HTC First: what is HTC thinking?

HTC's "Facebook phone" suggests that the company has learned nothing from its past mistakes.

Nic Healey Senior Editor / Australia
Nic Healey is a Senior Editor with CNET, based in the Australia office. His passions include bourbon, video games and boring strangers with photos of his cat.
Nic Healey
2 min read

opinion HTC's "Facebook phone" suggests that the company has learned nothing from its past mistakes.

Why? (Credit: James Martin/CNET)

Back in 2011, HTC was a company on the move. The year before, Fast Company had named it number 31 in its list of the world's most innovative companies, and the Taiwanese handset manufacturer formerly known as the High Tech Computer Corporation wasn't holding back.

In 2011, it was number five in worldwide smartphone sales, according to IDG, with a solid 8.9 per cent of the market. More impressively, it was the number one vendor in the United States, ahead of Samsung and Apple.

Then 2012 happened, and by the third quarter of that year, it had dropped to just 4 per cent of the global market.

So what put the pin in HTC's rising balloon? Well, opinions differ. If you ask HTC's CEO Peter Chou, it was all about the marketing.

"Our competitors were too strong and very resourceful, pouring in lots of money into marketing," Chou said of HTC's struggles last year. "We haven't done enough on the marketing front."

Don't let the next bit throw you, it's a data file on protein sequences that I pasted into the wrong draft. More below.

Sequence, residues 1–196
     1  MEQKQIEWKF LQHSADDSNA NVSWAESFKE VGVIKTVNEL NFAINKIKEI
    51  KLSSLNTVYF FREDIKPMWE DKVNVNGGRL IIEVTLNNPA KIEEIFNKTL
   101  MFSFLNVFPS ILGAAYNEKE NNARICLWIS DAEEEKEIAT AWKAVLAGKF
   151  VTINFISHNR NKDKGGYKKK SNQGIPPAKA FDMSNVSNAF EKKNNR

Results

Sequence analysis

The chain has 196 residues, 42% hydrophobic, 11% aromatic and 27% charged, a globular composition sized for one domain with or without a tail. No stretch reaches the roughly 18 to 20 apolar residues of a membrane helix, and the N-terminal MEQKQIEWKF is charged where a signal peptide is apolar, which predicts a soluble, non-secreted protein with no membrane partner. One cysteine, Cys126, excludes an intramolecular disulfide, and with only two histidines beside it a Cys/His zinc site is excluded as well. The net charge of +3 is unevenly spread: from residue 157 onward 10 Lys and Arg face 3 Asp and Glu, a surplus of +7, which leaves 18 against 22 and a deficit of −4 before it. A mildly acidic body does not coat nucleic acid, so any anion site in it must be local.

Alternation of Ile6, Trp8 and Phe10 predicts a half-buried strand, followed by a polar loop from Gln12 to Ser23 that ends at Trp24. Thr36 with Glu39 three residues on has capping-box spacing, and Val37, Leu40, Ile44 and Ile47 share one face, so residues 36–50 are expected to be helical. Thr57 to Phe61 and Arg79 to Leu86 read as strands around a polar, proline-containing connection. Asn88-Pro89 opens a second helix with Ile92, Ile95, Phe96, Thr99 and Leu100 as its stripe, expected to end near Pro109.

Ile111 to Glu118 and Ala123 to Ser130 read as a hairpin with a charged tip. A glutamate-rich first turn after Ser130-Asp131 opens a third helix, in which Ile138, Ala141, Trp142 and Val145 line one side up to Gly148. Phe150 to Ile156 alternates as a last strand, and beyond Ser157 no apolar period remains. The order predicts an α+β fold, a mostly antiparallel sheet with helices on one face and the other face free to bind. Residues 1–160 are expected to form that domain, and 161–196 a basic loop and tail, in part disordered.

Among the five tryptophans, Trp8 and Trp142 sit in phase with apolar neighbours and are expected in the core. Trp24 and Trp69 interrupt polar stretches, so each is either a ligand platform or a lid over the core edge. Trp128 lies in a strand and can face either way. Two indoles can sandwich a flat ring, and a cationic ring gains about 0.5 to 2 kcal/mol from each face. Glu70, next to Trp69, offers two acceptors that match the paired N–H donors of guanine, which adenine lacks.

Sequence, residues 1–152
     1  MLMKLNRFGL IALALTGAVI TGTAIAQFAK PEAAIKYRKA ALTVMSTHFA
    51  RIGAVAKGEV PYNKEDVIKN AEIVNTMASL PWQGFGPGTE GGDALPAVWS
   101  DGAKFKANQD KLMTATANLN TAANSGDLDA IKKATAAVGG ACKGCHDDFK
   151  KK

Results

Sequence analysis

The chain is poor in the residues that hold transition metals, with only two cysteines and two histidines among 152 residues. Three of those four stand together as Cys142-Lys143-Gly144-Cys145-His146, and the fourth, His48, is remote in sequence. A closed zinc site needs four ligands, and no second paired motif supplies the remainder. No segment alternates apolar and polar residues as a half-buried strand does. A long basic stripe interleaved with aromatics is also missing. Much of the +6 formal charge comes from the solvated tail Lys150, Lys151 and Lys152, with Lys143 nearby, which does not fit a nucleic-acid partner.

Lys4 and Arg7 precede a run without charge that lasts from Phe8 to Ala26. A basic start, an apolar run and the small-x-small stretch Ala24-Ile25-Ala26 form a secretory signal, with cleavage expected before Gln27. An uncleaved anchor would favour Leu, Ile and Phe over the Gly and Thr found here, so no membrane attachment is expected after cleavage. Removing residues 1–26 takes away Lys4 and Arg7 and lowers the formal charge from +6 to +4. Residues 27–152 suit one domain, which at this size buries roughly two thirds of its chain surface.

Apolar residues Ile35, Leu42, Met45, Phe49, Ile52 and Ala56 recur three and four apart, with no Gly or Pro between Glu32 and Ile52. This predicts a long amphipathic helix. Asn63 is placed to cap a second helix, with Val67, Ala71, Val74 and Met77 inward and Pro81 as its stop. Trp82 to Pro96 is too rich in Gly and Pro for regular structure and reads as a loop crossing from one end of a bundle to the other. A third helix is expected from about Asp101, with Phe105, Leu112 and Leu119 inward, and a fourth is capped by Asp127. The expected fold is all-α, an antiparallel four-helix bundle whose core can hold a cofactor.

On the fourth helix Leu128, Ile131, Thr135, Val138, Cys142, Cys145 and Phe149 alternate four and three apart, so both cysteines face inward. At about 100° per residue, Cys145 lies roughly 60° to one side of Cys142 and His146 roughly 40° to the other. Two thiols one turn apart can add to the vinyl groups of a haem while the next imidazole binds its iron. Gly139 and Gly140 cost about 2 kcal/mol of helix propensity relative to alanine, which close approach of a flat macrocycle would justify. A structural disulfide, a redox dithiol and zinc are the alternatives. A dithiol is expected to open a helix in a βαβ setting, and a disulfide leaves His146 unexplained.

Of course, other people might suggest that releasing well over 20 Android phones in a single year (2011), many of which were almost indistinguishable from each other — sometimes even just a different name for a different carrier — might have caused some consumer fatigue.

Even in 2012, we had five different types of HTC One and three different HTC Desires.

HTC promised that things would change. It would concentrate on marketing. There would be less joint marketing with carriers for phone exclusives, and it would work on "unique products that appeal to consumers".

So, we must ask, when the world has been waiting for the new-look HTC One to overcome its delays and finally arrive on sale, why would it pump out a remarkably average phone like the HTC First?

Facebook Home is a suite of apps that basically works like an Android skin, making your phone Facebook centric all the time. It already works on a variety of Android phones, any one of which is infinitely more desirable, spec wise, than the under-powered HTC First. And the carrier partnership makes it exclusive to AT&T in the US.

Let's not forget that HTC has tried the "Facebook phone" route before, with the HTC Chacha (the HTC Status in the US) and the HTC Salsa (HTC Icon). Both of these featured dedicated Facebook buttons, and neither exactly set the world on fire, sales wise.

HTC promised consumers a fresh start that would involve innovative products and a company that would be agile and "responsive to market changes".

The HTC First suggests that it might just be business as usual for HTC.